Next Article in Journal
Clinical Proteomics: From Biological Sample to Clinical Exploitation
Previous Article in Journal
A Proteomic Perspective on the Bacterial Adaptation to Cold: Integrating OMICs Data of the Psychrotrophic Bacterium Exiguobacterium antarcticum B7
Open AccessArticle

Proteomic Profiling of the Microsomal Root Fraction: Discrimination of Pisum sativum L. Cultivars and Identification of Putative Root Growth Markers

1
Oxidative Stress and Plant Proteomics Group, Biocenter Klein Flottbek and Botanical Garden, University of Hamburg, Ohnhorststraße 18, D-22609 Hamburg, Germany
2
Plant–Microbe Interactions, Department of Biology, Utrecht University, Padualaan 8, 3584 CH Utrecht, The Netherlands
3
Deptartment of Ecogenomics and Systems Biology, University of Vienna, Althanstrasse 14, A-1090 Vienna, Austria
*
Author to whom correspondence should be addressed.
Academic Editor: Jacek R. Wisniewski
Proteomes 2017, 5(1), 8; https://doi.org/10.3390/proteomes5010008
Received: 8 November 2016 / Revised: 8 February 2017 / Accepted: 9 February 2017 / Published: 2 March 2017
Legumes are a large and economically important family, containing a variety of crop plants. Alongside different cereals, some fruits, and tropical roots, a number of leguminosae evolved for millennia as crops with human society. One of these legumes is Pisum sativum L., the common garden pea. In the past, breeding has been largely selective on improved above-ground organs. However, parameters, such as root-growth, which determines acquisition of nutrients and water, have largely been underestimated. Although the genome of P. sativum is still not fully sequenced, multiple proteomic studies have been published on a variety of physiological aspects in the last years. The presented work focused on the connection between root length and the influence of the microsomal root proteome of four different pea cultivars after five days of germination (cultivar Vroege, Girl from the Rhineland, Kelvedon Wonder, and Blauwschokker). In total, 60 proteins were identified to have significantly differential abundances in the four cultivars. Root growth of five-days old seedlings and their microsomal proteome revealed a similar separation pattern, suggesting that cultivar-specific root growth performance is explained by differential membrane and ribosomal protein levels. Hence, we reveal and discuss several putative root growth protein markers possibly playing a key role for improved primary root growth breeding strategies. View Full-Text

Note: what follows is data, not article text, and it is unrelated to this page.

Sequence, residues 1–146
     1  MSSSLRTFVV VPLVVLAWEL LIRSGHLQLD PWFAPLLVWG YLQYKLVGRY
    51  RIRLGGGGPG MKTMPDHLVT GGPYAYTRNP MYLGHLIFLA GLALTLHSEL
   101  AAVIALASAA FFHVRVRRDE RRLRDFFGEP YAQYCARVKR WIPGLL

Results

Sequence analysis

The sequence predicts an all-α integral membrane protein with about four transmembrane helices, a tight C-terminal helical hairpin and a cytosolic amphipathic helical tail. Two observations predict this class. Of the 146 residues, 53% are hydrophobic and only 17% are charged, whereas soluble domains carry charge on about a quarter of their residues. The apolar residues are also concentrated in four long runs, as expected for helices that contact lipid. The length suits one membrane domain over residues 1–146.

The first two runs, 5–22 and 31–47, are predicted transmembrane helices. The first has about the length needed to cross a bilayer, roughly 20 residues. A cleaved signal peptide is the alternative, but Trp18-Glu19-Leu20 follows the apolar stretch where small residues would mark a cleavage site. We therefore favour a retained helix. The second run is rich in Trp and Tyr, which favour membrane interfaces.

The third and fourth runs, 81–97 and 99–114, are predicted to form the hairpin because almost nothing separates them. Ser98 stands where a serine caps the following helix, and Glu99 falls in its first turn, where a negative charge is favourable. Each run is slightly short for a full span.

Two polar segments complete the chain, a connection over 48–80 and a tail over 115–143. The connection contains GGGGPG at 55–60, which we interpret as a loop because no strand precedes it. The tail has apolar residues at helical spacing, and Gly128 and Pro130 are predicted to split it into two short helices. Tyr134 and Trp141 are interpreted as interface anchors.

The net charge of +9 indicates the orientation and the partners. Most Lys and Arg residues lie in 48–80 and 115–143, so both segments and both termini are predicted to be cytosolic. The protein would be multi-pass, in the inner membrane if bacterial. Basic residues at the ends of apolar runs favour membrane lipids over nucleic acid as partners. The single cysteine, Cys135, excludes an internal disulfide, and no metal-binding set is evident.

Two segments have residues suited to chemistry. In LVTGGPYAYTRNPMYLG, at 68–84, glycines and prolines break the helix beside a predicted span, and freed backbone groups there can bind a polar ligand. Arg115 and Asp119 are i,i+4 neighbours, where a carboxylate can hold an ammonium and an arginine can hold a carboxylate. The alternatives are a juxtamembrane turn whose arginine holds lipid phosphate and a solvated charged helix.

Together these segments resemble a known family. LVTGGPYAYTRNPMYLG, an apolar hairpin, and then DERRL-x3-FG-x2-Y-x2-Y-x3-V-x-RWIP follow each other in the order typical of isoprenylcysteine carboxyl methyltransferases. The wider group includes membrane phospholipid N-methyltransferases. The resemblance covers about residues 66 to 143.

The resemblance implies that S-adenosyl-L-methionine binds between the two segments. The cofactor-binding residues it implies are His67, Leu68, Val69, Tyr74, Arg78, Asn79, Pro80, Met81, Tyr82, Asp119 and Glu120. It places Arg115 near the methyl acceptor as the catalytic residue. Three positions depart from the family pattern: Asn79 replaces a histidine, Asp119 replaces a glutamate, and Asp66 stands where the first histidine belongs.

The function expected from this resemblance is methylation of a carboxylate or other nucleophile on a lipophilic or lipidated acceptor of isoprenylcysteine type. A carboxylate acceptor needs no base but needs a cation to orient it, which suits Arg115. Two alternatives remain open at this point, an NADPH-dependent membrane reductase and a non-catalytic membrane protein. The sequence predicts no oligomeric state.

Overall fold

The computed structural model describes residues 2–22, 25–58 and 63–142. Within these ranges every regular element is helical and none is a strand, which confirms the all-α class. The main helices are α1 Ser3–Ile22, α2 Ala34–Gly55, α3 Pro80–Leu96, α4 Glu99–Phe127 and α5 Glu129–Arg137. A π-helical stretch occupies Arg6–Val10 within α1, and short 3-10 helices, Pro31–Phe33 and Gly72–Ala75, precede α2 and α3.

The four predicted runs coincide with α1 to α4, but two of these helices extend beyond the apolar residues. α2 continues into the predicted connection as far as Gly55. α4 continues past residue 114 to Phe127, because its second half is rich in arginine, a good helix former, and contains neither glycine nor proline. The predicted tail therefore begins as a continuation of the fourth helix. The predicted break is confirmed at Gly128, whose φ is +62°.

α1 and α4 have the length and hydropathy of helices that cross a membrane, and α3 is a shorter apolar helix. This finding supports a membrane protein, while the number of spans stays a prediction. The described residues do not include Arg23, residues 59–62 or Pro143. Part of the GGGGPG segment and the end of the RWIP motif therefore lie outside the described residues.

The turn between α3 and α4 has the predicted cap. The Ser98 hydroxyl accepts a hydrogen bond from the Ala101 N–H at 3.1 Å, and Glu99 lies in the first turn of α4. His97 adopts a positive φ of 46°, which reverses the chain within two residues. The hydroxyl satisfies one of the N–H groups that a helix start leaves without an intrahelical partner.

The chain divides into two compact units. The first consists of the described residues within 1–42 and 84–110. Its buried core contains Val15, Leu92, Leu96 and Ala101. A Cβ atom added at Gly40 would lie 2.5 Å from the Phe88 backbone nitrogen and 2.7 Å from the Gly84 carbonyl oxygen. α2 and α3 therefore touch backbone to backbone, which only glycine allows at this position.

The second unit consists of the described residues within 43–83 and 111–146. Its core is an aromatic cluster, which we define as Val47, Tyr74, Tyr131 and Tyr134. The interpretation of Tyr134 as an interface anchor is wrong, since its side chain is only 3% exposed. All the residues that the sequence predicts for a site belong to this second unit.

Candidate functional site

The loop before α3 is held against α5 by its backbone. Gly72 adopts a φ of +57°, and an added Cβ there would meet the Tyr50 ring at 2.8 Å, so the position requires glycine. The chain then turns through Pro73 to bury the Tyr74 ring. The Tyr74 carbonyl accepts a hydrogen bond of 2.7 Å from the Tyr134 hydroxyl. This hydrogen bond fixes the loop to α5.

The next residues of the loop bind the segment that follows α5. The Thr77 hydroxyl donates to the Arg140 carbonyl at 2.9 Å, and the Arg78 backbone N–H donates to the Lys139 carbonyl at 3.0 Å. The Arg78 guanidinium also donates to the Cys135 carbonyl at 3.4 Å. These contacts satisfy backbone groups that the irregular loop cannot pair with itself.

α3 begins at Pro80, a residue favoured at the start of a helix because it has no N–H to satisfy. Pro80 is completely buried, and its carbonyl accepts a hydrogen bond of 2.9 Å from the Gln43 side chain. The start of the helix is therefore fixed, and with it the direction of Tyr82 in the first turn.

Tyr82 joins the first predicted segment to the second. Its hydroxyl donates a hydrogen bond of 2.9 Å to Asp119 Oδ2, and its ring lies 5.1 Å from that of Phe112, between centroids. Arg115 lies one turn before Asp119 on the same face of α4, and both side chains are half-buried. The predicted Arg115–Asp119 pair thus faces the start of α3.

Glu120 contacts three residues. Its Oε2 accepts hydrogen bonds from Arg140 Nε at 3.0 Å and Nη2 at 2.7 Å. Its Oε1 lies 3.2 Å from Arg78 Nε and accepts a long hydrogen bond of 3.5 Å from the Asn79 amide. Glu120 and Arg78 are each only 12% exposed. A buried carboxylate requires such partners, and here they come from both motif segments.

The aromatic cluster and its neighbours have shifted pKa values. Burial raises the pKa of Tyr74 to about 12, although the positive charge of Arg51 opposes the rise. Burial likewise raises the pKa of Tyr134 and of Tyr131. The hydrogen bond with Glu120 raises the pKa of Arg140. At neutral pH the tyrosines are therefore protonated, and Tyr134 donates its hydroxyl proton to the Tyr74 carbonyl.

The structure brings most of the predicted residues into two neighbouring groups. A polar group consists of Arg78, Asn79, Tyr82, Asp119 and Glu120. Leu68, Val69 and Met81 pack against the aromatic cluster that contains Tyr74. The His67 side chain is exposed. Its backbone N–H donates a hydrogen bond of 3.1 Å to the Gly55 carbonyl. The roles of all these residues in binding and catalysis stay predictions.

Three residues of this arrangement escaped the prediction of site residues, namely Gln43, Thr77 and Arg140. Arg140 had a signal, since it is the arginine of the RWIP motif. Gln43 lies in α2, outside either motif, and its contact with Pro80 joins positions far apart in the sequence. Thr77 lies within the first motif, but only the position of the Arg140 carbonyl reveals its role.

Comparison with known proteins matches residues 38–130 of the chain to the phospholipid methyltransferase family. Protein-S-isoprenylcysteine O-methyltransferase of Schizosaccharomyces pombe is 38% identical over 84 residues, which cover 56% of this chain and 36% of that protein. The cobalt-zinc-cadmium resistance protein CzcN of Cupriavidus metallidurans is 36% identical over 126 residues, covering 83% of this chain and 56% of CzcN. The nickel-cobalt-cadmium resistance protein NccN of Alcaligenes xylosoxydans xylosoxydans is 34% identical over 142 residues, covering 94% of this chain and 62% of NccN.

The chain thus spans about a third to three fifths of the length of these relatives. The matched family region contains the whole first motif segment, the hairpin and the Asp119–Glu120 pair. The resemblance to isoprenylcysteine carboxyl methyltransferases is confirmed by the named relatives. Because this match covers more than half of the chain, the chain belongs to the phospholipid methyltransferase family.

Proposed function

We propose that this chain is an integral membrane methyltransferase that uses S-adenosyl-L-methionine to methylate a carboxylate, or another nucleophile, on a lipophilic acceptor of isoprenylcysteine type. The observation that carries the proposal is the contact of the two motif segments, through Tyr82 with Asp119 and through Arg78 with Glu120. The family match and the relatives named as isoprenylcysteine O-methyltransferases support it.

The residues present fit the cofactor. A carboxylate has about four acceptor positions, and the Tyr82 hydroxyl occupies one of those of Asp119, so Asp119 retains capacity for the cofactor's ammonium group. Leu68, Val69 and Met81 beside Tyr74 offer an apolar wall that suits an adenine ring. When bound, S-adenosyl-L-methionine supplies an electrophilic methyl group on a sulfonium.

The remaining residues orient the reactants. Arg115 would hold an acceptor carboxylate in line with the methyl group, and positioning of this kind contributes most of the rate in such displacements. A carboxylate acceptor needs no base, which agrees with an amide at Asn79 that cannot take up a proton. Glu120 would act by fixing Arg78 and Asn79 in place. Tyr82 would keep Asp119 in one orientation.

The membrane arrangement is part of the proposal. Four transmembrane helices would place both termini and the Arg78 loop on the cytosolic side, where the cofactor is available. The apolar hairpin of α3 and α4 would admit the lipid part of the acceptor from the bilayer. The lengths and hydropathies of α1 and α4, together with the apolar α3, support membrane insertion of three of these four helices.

Keywords: Pisum sativum; microsomes; cultivar comparison; root morphology Pisum sativum; microsomes; cultivar comparison; root morphology
Show Figures

Figure 1

MDPI and ACS Style

Meisrimler, C.-N.; Wienkoop, S.; Lüthje, S. Proteomic Profiling of the Microsomal Root Fraction: Discrimination of Pisum sativum L. Cultivars and Identification of Putative Root Growth Markers. Proteomes 2017, 5, 8. https://doi.org/10.3390/proteomes5010008

AMA Style

Meisrimler C-N, Wienkoop S, Lüthje S. Proteomic Profiling of the Microsomal Root Fraction: Discrimination of Pisum sativum L. Cultivars and Identification of Putative Root Growth Markers. Proteomes. 2017; 5(1):8. https://doi.org/10.3390/proteomes5010008

Chicago/Turabian Style

Meisrimler, Claudia-Nicole; Wienkoop, Stefanie; Lüthje, Sabine. 2017. "Proteomic Profiling of the Microsomal Root Fraction: Discrimination of Pisum sativum L. Cultivars and Identification of Putative Root Growth Markers" Proteomes 5, no. 1: 8. https://doi.org/10.3390/proteomes5010008

Find Other Styles
Note that from the first issue of 2016, MDPI journals use article numbers instead of page numbers. See further details here.

Article Access Map by Country/Region

1
Search more from Scilit
 
Search
Back to TopTop